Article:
MacArthur then makes some swipes at the Roman Catholics and their high view of tradition and history and their rights to interpret.  He even quotes Luther, of all people, out of context, against himself, in a way that does not fit or is reasonable in this general discussion of baptism.  MacArthur seems to be grasping at straws, drawing on Luther where he sees fit and discarding him when it suits, never minding the internal consistencies.

But seriously, MacArthur just keeps going from bad to worse.  He now enumerates all the family baptism mentioned in the Bible and dismantles them based on the fact that none of them specifically mention that there were infants involved in the entire-household baptisms.  Then he engages in a circular reasoning that says that "household" means "believing household" to start with and since children can't believe, they are not part of the "household".  It looks like he is making everything fit into his own scheme.  He similarly just dismisses the "and your children" in Peter's Pentecost sermon.  It just means that the same "conditions" apply to the children. -- If this is scriptural exegesis, it makes me shudder.  If this is the "gospel", it makes one wonder what is the "good news."

He then looks at 1. Cor. 7, where the question is examined as to what to do if a believer is married to an unbeliever.  It says there that the unbelieving spouse is sanctified by association and not to put him or her away based on the difference.  What MacArthur hears said there is that the unbelieving spouse benefits from a holier and more rarefied environment and that's about it, nothing else is meant.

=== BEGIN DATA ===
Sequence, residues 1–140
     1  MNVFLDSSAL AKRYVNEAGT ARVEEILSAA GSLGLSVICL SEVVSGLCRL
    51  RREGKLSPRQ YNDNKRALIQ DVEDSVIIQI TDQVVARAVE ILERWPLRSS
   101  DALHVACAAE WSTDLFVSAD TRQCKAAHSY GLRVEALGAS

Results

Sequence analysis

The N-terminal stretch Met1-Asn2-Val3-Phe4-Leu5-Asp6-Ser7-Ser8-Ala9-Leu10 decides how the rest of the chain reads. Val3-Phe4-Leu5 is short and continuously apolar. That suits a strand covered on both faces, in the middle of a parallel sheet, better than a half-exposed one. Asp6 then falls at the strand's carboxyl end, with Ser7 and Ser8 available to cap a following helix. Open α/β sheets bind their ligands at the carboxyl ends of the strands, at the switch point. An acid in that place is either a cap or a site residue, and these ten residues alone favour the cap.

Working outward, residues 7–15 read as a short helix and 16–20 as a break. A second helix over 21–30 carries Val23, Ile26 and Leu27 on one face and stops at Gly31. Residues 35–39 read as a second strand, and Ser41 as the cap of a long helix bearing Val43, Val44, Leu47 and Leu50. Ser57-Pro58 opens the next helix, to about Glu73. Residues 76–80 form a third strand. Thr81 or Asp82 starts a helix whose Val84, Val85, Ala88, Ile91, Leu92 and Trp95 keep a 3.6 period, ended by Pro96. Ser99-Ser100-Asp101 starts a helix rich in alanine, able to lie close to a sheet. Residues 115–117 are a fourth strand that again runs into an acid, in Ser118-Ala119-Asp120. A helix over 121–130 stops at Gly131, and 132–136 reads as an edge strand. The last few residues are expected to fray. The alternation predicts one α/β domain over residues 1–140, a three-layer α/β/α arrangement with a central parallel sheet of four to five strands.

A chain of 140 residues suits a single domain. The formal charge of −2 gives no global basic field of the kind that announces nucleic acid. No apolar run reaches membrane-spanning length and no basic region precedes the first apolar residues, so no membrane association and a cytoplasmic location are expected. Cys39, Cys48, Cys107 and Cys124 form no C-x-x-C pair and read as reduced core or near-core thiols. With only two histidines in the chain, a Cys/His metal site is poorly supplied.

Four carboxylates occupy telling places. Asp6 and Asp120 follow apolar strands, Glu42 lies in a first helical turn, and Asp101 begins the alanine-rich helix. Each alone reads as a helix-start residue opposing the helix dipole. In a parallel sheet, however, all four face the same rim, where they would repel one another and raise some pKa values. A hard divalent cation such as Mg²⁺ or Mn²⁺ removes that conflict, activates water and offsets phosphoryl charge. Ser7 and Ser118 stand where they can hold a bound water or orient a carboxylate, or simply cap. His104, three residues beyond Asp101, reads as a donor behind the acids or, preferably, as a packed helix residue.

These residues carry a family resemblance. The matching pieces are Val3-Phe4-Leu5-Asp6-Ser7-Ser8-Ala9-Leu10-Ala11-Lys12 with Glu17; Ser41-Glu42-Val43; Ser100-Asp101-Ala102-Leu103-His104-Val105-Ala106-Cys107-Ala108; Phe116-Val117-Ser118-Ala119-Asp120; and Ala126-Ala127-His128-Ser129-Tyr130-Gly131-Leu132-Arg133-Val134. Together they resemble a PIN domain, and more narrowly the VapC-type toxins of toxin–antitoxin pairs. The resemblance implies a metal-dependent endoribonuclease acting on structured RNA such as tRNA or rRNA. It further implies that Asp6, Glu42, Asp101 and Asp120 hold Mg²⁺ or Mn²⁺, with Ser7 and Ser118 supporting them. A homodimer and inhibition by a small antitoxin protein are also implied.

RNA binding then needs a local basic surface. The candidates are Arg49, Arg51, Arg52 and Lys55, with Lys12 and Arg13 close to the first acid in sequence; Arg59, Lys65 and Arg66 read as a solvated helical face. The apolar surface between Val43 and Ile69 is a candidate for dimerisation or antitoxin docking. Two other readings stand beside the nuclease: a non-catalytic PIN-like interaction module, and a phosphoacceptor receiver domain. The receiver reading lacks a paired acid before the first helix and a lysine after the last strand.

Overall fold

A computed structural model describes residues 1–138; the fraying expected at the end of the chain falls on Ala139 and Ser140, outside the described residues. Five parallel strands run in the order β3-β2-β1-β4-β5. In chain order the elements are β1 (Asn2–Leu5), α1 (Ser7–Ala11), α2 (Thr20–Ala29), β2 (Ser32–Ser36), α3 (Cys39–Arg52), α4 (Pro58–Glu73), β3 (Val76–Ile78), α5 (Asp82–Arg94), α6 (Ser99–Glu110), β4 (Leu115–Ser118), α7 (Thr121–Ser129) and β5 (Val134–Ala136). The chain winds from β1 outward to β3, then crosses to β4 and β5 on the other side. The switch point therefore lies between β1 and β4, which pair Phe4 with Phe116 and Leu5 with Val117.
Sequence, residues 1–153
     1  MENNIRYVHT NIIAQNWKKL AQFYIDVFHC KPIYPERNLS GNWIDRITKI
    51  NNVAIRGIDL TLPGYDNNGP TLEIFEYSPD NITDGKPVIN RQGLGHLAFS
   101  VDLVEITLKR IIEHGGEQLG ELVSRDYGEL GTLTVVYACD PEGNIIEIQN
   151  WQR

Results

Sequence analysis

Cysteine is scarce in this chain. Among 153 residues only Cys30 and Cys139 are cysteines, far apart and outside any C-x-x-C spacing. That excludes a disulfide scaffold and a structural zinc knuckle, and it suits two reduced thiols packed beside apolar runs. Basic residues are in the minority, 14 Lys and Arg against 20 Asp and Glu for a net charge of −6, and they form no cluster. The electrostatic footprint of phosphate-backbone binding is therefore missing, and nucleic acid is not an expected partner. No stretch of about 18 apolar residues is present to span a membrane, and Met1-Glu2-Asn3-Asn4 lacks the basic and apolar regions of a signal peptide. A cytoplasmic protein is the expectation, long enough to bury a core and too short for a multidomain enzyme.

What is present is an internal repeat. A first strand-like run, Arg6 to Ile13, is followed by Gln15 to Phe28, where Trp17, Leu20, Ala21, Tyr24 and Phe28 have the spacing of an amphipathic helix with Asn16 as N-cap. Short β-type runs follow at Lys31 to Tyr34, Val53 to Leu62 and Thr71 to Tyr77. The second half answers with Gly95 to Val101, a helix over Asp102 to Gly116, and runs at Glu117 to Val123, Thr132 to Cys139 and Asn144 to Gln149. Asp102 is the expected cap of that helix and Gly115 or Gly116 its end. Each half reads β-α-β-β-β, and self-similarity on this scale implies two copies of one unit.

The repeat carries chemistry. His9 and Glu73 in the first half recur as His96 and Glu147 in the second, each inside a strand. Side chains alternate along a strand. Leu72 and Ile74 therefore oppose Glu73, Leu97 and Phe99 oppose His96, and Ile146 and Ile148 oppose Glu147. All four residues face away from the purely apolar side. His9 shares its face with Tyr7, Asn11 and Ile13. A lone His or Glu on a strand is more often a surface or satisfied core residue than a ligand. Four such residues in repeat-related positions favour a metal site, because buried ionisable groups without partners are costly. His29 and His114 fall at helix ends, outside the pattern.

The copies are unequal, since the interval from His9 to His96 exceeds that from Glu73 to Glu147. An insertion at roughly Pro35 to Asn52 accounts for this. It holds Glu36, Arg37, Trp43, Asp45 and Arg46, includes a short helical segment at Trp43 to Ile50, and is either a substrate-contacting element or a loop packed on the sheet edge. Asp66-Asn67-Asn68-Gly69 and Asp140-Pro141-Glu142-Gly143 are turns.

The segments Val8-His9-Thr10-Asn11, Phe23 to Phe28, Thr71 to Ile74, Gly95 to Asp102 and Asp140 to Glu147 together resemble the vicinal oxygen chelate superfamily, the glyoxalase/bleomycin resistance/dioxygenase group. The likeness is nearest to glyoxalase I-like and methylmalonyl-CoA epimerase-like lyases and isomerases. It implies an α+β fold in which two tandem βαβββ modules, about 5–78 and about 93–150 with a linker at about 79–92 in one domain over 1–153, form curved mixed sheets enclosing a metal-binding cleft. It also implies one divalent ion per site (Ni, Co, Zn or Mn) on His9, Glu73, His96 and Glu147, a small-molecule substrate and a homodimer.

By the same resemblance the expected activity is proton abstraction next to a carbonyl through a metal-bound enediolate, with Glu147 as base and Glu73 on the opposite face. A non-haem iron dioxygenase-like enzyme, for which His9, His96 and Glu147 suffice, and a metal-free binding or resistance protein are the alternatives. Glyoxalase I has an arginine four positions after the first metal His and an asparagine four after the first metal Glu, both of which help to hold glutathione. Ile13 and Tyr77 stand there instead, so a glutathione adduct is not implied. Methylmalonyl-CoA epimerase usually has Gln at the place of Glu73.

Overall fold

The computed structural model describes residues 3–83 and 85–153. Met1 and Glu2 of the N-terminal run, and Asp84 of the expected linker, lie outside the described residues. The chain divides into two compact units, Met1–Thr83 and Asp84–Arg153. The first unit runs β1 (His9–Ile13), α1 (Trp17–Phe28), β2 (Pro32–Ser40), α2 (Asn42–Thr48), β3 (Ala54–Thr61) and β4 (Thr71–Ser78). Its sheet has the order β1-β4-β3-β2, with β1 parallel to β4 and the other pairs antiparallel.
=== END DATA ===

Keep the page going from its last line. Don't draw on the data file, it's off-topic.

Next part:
Then he goes on to look at circumcision.  He labors to show that circumcision is not a sign of personal faith, but a sing for the need of cleansing.  It is to show how deep our iniquity and depravity is.  By the depravity of our children we see what iniquity we produce.  And, also, since girls were not included in circumcision, this can all not be a matter of faith, but simply of ethnic identity.

Has MacArthur not read what the entire Bible says about circumcision and Abraham's faith?  What did Paul so clearly and specifically say to link Abraham's faith to his righteousness and the promises he had from God, in which he trusted.  I am afraid, that I must say that MacArthur is indeed depraved, and we need not look to his children and grand-children to see the problem.

In the end, he wraps this whole thing up by blaming Luther for giving in to the state church and abandoning his initially lofty ideas.  The so-called Reformation took a bad turn and people like MacArthur are needed to finish it properly.

--This is just simply beyond the pale.  Luther never once wavered on his high regard of baptism and, specifically, infant baptism in believing families. Infant baptism was never an issue until the Radicals came along.  Infant baptism in the Christian communities does no disservice to the gospel message.  Instead it is a way in which the gospel is passed on.

OK!!! Let's move on the R.C. Sproul's talk and rebuttal.  Sproul is not a Lutheran, but I will not concern myself with quibbles I might have with him upon closer examination.  We will just mostly deal with what he said in rebuttal, at this point.

Sproul mentions, right of the bat, that MacArthur insists on having the argument based on nothing but scripture, and that is fine.  However, we should note, that scripture does not explicitly command or prohibit infant baptism.  From this silence we must draw the right inferences.  This is really where it is at. -- We are all deeply desiring to be scriptural.